Teodoro Nguema Obiang Mangue Obiang, the son of Equatorial Guinea’s longtime president Teodoro Obiang Nguema Mbasogo, will give up his $35 million mansion in Malibu and a Ferrari—acquired with a $300 million fortune he allegedly amassed by accepting bribes and embezzling funds while serving in his father’s cabinet, where his title is “second vice president”—in order to keep his collection of Michael Jackson memorabilia.
“Through relentless embezzlement and extortion, Vice President Nguema Obiang shamelessly looted his government and shook down businesses in his country to support his lavish lifestyle, while many of his fellow citizens lived in extreme poverty,” Leslie R. Caldwell, the US Assistant Attorney General, said in statement. “After raking in millions in bribes and kickbacks, Nguema Obiang embarked on a corruption-fueled spending spree in the United States.”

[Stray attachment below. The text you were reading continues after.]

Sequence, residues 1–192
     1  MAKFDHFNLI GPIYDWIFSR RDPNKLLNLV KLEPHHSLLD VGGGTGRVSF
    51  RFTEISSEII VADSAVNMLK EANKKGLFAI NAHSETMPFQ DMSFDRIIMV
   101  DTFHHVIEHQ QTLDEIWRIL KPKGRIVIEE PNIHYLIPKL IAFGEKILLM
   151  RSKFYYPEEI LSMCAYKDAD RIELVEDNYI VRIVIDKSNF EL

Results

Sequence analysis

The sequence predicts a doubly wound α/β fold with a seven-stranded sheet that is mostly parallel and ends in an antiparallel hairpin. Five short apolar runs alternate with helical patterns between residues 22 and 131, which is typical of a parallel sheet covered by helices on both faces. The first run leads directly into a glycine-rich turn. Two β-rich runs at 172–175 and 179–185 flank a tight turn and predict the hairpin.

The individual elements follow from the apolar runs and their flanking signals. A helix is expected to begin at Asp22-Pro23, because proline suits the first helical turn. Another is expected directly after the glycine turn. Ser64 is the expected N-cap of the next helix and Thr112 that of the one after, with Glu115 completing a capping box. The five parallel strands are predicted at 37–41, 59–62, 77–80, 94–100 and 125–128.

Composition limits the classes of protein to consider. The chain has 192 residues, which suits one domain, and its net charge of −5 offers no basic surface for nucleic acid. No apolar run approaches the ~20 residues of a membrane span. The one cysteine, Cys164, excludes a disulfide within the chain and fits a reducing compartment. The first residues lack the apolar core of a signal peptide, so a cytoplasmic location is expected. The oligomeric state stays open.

The president’s son, who goes by the nickname Teodorín, will forfeit approximately $30 million in property to the US Department of Justice, not even half of the $74 million sum sought by federal prosecutors, Courthouse News reports. He also has acknowledged no wrongdoing in the case and denies charges of corruption.
“I am pleased to be able to end this long and costly ordeal,” Teodorín wrote in a Facebook post “I agreed to settle this case despite the fact that the U.S. federal courts had consistently found that the Department of Justice lacked probable cause to seize my property.”
While he will have to give up his Ferrari, Teodorín won’t exactly be grounded. Though he never went through with the $380 million mega-yacht he commissioned plans for, according to Foreign Policy, he will still benefit from the use of his Gulfstream Jet. (Although if he attempts to enter the US aboard it, it will be seized.) And, of course, he also gets to keep his $1 million collection of Michael Jackson memorabilia, which includes a crystal-studded glove the late pop star wore during his “Bad” world tour.
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